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CURRENTLY, goods imported using air courier services through selected airports such as KLIA, Subang, Penang, Senai, Kuching, and Kota Kinabalu where the total value of such goods does not exceed RM500 per consignment are exempted from sales tax and customs duty. This leads to an uneven playing field where goods purchased from Malaysian manufacturers are subject to a 5% or 10% sales tax, which places them at a disadvantage.

The uneven tax treatment between the imported low value goods (LVG) versus the locally manufactured goods is not peculiar to Malaysia. Other countries such as Australia, New Zealand and many others have already rectified this anomaly by imposing tax on such LVG through their GST system. Singapore will be imposing 7% GST on LVG from Jan 1, 2023 and 9% by 2025.

Malaysia also plans to join the “club” and implement sales tax on LVG from Jan 1, 2023.


The plan at the moment is only to tax LVG purchased online and imported via air couriers through seven designated airports. LVG excludes cigarettes, tobacco, tobacco products and liquor. The sales tax applied will be a flat rate of 10% and this is expected to be collected by the seller at the time the purchaser makes the online purchase.

Sellers have to be registered under the LVG mechanism in order to benefit from the quicker clearance of the goods.

The tax on LVG will not be applied on importation through land or sea. However, the existing mechanism to tax will continue to be applied on importation via land and sea.

The introduction of LVG does not affect the existing exemption of RM1,000 given to travelers bringing in bringing accompanied baggage through the seven designated airports.


The key objective here is to bring foreign sellers and local sellers to a level playing field and to encourage Malaysians to purchase Malaysian made products. The secondary objective is to raise taxes, but, however the amount collected is not going to run into billions of dollars. Malaysia is merely following what other countries are doing and it does not lose out on the tax collection.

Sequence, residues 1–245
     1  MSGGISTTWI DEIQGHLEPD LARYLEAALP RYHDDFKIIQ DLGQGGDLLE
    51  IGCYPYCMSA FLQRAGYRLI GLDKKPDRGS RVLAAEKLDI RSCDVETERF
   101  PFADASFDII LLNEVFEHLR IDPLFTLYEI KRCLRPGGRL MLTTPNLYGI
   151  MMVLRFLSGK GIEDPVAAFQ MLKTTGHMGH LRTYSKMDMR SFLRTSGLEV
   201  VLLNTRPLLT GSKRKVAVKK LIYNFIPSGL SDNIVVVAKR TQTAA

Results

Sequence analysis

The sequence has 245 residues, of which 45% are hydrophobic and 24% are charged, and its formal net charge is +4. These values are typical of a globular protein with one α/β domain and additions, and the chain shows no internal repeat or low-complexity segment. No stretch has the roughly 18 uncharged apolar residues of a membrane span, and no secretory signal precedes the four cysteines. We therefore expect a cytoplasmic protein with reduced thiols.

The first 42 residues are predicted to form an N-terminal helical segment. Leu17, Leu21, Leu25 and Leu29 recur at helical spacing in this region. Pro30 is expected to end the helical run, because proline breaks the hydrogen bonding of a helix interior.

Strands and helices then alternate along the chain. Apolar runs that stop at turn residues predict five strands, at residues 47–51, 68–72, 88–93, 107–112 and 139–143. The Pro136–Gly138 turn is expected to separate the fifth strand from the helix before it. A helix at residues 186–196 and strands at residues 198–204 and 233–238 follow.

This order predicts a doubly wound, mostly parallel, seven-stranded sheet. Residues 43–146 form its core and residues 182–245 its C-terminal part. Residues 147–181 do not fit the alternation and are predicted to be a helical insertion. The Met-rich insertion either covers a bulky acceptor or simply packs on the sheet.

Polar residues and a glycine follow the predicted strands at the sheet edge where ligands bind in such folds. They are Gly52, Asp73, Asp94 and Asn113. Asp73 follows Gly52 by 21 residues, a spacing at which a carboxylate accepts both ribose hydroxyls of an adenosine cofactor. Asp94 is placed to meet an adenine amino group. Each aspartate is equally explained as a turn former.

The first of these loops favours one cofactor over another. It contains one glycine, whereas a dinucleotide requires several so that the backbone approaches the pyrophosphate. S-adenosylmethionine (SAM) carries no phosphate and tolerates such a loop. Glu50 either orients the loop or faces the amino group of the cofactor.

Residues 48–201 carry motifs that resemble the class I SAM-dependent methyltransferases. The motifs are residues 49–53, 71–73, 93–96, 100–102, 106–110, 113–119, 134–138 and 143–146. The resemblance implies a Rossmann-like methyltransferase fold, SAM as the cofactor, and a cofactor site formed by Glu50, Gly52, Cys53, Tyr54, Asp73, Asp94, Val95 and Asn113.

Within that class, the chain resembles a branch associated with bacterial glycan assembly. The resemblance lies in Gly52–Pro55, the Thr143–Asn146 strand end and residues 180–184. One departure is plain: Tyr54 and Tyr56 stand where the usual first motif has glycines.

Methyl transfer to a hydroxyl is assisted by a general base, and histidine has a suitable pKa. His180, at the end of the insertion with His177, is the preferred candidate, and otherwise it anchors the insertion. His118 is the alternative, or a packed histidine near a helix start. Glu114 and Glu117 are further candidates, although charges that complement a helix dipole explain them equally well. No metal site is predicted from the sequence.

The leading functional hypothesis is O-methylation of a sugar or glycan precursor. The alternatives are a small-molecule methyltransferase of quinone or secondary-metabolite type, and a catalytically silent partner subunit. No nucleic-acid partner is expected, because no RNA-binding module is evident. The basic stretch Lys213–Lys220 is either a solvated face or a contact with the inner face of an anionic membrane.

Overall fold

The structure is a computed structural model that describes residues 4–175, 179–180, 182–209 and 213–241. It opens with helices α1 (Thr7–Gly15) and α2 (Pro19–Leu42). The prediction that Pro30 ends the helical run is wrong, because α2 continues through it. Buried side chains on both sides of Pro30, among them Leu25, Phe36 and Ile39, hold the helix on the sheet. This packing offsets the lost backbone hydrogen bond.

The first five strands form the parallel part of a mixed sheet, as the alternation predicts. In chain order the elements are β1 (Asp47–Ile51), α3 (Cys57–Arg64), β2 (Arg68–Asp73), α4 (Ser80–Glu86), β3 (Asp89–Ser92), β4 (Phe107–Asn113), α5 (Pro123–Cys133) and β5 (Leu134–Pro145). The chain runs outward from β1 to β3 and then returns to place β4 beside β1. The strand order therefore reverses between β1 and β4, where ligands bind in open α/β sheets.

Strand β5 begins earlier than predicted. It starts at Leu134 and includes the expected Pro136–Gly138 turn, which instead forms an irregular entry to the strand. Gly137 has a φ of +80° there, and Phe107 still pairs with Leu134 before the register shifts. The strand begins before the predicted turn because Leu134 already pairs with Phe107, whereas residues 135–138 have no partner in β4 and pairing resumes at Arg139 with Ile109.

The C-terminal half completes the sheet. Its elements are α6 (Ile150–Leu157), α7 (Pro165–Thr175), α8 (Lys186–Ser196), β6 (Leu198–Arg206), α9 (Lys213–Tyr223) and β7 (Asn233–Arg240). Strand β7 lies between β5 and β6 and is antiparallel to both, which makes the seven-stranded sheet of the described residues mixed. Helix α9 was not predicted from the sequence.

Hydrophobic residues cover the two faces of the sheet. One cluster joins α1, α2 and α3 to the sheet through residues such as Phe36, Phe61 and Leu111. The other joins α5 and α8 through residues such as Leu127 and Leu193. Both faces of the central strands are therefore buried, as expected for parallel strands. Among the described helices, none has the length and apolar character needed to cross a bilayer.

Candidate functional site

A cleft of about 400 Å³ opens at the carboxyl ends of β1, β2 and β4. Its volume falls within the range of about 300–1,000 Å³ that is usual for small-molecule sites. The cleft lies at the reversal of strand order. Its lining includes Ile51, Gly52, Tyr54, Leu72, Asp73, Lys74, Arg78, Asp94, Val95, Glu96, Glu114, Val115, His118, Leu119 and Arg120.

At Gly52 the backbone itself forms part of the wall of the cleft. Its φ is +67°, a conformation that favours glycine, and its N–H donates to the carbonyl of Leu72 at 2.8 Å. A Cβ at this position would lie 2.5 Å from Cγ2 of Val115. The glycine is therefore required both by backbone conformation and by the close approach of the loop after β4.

Issues that must be addressed

Normally, many countries have provided the intermediaries/tax collectors a period of between 12 to 18 months to prepare themselves to implement the LVG tax.

However, Malaysia is attempting to do it in a much shorter time and this will pose a big challenge to the air courier companies and the sellers involved in the LVG mechanism.

It is acknowledged by the authorities that they need to intensively engage the various stakeholders who will implement the LVG by January 2023.

At this stage the stakeholders are waiting for the legislation to be passed in parliament and for the finer details on how the mechanism will implemented by the Customs authorities.

Implementing the LVG by January 2023 will be a challenge to the customs authorities and the stakeholders.


If this tax which has been announced in Budget 2022 by the Finance Minister is to be implemented smoothly, both the government authorities which includes Customs and the other government departments together with the intermediaries responsible for the collection of the tax will need to have many more dialogues and interactions to iron out the details.

The good news is the authorities have already started such dialogues and have indicated that they will continue engaging the stakeholders to successfully implement the LVG tax scheme by January 2023.

This article is contributed by Thannees Tax Consulting Services Sdn Bhd managing director
SM Thanneermalai (